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originally posted by: Itisnowagain
a reply to: nonspecific
Not mutate differently but vax causes the hotter strains to live because the host would have died.
If the host is staying alive it can carry on carrying around the hot virus.
Did you read about Marek disease.....and the vaccine?
Could some vaccines make diseases more deadly? | Science | AAAS
As Read first argued in a Nature paper 14 years ago, by keeping their hosts alive, such "imperfect" or "leaky" vaccines could give deadlier pathogens an edge, allowing them to spread when they would normally burn out quickly.
Over the past few decades, Marek's disease has become much more virulent—which some researchers believe is the result of vaccination.
originally posted by: Dfairlite
a reply to: chr0naut
No, that was the india strain.
originally posted by: Stupidsecrets
"The data is consistent with a study released last week by the CDC - Vaccinated people may transmit the Delta variant now responsible for 80% of COVID cases in the U.S, just as easily as the unvaccinated." (childrenshealthdefense.org)
“So the more Delta is infectious, the more reason for concern,” Kondrashov said. “By having a situation where you vaccinate everybody, a vaccine-resistant mutant actually gains a selective advantage.”
Experts warned for months vaccines could cause more dangerous COVID variants.
originally posted by: OccamsRazor04
a reply to: Reincarnation
This is not the coronavirus that's been around for decades, and this is not a vaccine that was tested decades ago. So far all the data proves vaccinated individuals are less at risk than unvaccinated ones.
originally posted by: chr0naut
a reply to: Stupidsecrets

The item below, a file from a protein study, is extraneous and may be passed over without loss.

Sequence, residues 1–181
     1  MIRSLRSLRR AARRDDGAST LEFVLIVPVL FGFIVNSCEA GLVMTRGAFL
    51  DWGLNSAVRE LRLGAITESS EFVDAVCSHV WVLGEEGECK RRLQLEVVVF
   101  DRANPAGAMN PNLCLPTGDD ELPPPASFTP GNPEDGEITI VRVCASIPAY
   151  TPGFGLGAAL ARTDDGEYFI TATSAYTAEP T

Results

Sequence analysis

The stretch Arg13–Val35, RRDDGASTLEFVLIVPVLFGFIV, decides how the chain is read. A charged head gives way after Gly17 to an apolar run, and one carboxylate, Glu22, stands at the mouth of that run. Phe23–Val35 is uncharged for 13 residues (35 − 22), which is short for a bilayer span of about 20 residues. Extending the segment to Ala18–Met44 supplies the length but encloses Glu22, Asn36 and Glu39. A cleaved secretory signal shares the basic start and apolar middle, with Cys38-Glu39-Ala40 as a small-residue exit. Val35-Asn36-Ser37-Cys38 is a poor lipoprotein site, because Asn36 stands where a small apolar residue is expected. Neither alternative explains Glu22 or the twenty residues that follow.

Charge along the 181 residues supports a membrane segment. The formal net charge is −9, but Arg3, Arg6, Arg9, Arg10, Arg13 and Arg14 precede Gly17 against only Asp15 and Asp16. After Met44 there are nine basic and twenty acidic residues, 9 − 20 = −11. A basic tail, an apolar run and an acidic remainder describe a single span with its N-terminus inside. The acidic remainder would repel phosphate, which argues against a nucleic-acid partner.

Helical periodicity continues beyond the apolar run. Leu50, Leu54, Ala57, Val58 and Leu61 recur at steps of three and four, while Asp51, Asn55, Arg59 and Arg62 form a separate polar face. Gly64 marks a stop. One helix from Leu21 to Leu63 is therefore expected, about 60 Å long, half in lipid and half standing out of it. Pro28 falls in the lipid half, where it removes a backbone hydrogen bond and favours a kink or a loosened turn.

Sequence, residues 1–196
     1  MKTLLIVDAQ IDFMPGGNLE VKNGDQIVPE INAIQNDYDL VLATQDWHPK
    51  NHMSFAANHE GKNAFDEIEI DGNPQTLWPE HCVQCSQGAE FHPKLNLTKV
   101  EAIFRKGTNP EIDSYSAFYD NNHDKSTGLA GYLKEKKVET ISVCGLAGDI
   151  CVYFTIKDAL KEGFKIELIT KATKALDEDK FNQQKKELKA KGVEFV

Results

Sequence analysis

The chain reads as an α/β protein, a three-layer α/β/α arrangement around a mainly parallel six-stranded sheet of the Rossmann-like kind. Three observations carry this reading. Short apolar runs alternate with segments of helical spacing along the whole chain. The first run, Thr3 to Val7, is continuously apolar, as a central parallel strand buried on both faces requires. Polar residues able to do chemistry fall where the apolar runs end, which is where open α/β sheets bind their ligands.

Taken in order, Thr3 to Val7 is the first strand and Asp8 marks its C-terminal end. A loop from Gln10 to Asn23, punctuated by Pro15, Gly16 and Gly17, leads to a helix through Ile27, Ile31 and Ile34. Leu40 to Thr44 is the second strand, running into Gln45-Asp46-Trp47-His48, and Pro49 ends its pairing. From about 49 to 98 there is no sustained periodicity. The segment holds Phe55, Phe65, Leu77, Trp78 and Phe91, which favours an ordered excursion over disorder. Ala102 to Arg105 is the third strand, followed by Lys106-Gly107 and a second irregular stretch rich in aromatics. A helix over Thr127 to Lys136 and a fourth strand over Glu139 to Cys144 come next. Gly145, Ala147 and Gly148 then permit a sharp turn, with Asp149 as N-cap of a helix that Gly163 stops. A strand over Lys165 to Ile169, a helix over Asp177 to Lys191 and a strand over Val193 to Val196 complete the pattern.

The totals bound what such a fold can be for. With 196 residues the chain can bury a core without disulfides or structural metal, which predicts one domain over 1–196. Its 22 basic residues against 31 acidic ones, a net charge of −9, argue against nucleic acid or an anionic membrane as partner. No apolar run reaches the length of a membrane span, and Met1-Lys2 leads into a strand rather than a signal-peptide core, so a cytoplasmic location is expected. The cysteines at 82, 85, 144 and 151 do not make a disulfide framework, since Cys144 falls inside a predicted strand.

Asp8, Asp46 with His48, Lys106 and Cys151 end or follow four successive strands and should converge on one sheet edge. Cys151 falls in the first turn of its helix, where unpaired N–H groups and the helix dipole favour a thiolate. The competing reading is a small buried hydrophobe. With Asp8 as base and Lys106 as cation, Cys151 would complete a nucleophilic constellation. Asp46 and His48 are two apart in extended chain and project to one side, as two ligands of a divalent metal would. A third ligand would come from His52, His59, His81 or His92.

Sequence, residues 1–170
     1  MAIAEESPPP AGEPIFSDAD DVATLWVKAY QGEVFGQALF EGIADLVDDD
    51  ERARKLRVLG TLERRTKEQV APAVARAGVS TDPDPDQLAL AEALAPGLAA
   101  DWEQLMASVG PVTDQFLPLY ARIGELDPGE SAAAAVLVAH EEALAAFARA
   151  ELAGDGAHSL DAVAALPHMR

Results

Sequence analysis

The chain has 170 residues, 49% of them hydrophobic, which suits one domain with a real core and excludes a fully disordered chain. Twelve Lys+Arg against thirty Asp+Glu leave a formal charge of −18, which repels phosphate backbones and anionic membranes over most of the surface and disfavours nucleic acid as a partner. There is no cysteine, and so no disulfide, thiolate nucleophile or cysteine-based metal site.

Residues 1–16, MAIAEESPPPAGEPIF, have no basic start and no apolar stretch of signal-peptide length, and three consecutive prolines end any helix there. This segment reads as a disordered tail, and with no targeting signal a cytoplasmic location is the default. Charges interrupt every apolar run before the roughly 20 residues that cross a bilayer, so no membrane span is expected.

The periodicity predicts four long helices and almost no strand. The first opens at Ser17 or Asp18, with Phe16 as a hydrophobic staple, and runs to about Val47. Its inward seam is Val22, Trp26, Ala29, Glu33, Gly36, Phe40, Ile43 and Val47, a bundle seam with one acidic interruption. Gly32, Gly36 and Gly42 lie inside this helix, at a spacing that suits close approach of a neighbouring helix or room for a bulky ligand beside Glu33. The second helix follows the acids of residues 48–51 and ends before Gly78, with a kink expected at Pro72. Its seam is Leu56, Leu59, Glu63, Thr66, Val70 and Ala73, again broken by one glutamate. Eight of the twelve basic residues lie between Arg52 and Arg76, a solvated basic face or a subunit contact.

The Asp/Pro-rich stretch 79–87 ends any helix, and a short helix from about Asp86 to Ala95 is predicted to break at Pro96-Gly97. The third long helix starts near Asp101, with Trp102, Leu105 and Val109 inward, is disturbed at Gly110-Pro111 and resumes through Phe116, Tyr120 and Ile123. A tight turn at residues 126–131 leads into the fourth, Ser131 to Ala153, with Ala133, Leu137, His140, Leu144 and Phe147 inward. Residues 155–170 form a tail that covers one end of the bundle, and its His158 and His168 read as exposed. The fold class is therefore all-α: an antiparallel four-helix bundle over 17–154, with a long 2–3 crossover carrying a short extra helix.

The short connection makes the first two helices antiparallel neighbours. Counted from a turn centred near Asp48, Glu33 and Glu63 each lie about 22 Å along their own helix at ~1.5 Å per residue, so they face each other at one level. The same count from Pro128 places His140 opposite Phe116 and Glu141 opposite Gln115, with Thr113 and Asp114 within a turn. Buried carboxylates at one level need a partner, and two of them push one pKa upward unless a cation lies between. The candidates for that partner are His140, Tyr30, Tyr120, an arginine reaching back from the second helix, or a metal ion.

The Delta strain was first identified in India in December last year, before the vaccines were rolled out to the public. It already existed.
originally posted by: nonspecific
Are you suggesting that the virus will mutate differently when infecting someone who has had a vaccination than someone who has natural and immunity?
a reply to: Itisnowagain
Several studies have shown that people infected with Covid-19 tend to have T cells that can target the virus, regardless of whether they have experienced symptoms. So far, so normal. But scientists have also recently discovered that some people can test negative for antibodies against Covid-19 and positive for T cells that can identify the virus. This has led to suspicions that some level of immunity against the disease might be twice as common as was previously thought.
Most bizarrely of all, when researchers tested blood samples taken years before the pandemic started, they found T cells which were specifically tailored to detect proteins on the surface of Covid-19. This suggests that some people already had a pre-existing degree of resistance against the virus before it ever infected a human. And it appears to be surprisingly prevalent: 40-60% of unexposed individuals had these cells.
People With the Hidden Immunity to Covid